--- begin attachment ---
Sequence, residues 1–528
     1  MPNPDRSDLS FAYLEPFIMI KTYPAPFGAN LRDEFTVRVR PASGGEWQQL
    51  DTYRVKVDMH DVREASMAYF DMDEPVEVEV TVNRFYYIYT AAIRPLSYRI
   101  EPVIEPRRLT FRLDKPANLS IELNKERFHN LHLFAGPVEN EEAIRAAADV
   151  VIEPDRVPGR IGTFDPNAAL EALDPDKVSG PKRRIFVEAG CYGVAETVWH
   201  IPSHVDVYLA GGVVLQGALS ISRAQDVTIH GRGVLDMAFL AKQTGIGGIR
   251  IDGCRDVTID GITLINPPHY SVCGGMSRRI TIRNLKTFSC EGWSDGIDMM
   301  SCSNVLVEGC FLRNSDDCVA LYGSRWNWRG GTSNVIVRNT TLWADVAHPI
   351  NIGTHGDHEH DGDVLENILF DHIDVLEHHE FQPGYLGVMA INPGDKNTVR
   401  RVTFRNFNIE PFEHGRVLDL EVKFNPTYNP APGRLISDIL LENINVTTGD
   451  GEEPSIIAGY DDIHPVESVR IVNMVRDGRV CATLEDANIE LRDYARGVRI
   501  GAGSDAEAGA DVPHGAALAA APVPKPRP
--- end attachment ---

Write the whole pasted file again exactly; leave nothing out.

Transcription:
Sequence, residues 1–528
     1  MPNPDRSDLS FAYLEPFIMI KTYPAPFGAN LRDEFTVRVR PASGGEWQQL
    51  DTYRVKVDMH DVREASMAYF DMDEPVEVEV TVNRFYYIYT AAIRPLSYRI
   101  EPVIEPRRLT FRLDKPANLS IELNKERFHN LHLFAGPVEN EEAIRAAADV
   151  VIEPDRVPGR IGTFDPNAAL EALDPDKVSG PKRRIFVEAG CYGVAETVWH
   201  IPSHVDVYLA GGVVLQGALS ISRAQDVTIH GRGVLDMAFL AKQTGIGGIR
   251  IDGCRDVTID GITLINPPHY SVCGGMSRRI TIRNLKTFSC EGWSDGIDMM
   301  SCSNVLVEGC FLRNSDDCVA LYGSRWNWRG GTSNVIVRNT TLWADVAHPI
   351  NIGTHGDHEH DGDVLENILF DHIDVLEHHE FQPGYLGVMA INPGDKNTVR
   401  RVTFRNFNIE PFEHGRVLDL EVKFNPTYNP APGRLISDIL LENINVTTGD
   451  GEEPSIIAGY DDIHPVESVR IVNMVRDGRV CATLEDANIE LRDYARGVRI
   501  GAGSDAEAGA DVPHGAALAA APVPKPRP